Networks might not sacrifice whole days to Clinton trial

January 14, 1999|By Chris Kaltenbach | Chris Kaltenbach,SUN STAFF

As far as the broadcast networks are concerned, the impeachment trial beginning today is hardly must-see TV.

Although ABC, CBS and NBC are all planning to cover today's opening salvos, in which the House GOP prosecutors will begin laying out their case against President Clinton, none are committing themselves to broadcasting the entire day's events.

And no one is willing to speculate what happens beyond tomorrow.

"We're a news organization, so we sort of take things as they come," CBS News spokeswoman Kim Akhtar says. "We just don't know how long we're going to stick with it. Everything is being taken on a day-by-day basis."

The three networks all plan to begin their coverage at 1 p.m., when House prosecutors are scheduled to take the floor. ABC and NBC will continue offering live feeds to their affiliates throughout the day but will also provide regular programming for local stations that decide enough is enough. Officials at both WBAL, Channel 11 (NBC), and WMAR, Channel 2 (ABC) say they'll wait until tomorrow to decide how long to stick with the trial.

The plans for off-and-on coverage contrast starkly with the Watergate hearings of 1973-74, which were broadcast live and unedited. The three networks rotated much of the coverage on a daily basis, with one network airing the proceedings each day.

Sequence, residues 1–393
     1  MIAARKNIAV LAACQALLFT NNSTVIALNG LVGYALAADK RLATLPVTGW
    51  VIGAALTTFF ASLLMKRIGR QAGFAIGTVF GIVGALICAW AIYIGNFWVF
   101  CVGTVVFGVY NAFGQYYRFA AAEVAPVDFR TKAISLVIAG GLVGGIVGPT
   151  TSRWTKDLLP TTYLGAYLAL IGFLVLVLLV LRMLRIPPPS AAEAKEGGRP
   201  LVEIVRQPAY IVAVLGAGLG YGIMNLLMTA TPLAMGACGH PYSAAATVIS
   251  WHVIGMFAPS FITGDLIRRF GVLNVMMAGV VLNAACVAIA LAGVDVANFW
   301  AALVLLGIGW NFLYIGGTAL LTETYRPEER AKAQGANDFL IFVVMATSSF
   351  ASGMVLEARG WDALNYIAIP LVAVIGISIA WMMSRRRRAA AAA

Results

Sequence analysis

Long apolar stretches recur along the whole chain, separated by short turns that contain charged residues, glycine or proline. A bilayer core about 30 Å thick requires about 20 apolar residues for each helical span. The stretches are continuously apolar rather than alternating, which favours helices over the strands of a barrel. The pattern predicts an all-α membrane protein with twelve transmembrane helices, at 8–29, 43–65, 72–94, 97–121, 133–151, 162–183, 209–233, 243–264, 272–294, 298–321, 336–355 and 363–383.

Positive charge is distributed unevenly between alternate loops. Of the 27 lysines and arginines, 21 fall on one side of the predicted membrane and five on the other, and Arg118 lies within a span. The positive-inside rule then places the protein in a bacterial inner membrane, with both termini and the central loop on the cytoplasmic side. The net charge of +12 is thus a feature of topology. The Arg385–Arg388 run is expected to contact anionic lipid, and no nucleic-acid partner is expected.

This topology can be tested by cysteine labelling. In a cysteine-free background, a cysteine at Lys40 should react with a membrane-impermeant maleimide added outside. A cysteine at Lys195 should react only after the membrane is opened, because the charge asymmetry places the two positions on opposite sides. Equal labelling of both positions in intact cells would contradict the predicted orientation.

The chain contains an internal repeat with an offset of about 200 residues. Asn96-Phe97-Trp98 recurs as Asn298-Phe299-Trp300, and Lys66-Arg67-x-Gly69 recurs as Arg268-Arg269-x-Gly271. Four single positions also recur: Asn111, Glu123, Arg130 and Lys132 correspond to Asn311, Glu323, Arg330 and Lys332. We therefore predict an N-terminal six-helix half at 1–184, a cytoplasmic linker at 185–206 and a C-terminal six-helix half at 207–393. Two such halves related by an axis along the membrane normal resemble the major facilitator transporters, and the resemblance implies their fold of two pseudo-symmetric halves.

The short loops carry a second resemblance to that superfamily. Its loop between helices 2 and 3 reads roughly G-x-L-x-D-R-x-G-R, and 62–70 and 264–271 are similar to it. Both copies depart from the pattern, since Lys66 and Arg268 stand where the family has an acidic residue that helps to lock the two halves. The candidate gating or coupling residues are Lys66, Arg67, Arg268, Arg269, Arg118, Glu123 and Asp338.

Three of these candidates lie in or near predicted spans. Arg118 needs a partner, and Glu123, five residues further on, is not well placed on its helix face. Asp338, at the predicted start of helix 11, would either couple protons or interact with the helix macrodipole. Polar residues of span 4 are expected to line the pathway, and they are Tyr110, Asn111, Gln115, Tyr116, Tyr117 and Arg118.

Of course, cable wasn't much of an option in 1974. Today, five cable operations -- CNN, Court TV, Fox News, C-SPAN2 and MSNBC -- promise gavel-to-gavel coverage.

But the networks' decision also reflects what is perceived as an increasing lack of interest in the impeachment process.

"All we can do is point to the previous special reports that we've done over the course of the months, and I would say there's been moderate interest, moderate to low," says NBC News Vice President Bill Wheatley. "If there were huge demands for it, we would have to look a lot more closely at how many hours we provide."

A few developments to watch once the cameras start rolling: Will ABC News, which took some hits when its coverage of the House impeachment process was so weak that some affiliates (including WMAR) opted to air CNN's feed, continue the strong rebound it began during last week's Senate swearing-in ceremony? ABC was on the air first and off the air last, and its commentators -- particularly Cokie Roberts, whose perspective benefited from having parents who both served in the House -- seemed on top of their game.

For the best perspective, the broadcast to watch may be CNN's, whose commentators include former Tennessee Sen. Howard Baker, vice-chair of the Watergate hearings.

For a taste of controversy, try Court TV, where the coverage will include interviews with U.S. Sen. Frank Lautenberg. Although the New Jersey Democrat will be acting as a de facto juror, Court TV insists his commentary will not be an assessment of the case itself. Instead, the senator will be talking about his "views as a citizen," promises Court TV spokeswoman Frederika Brookfield. It should be interesting to see where exactly the line between citizen and senator falls.

Pub Date: 1/14/99

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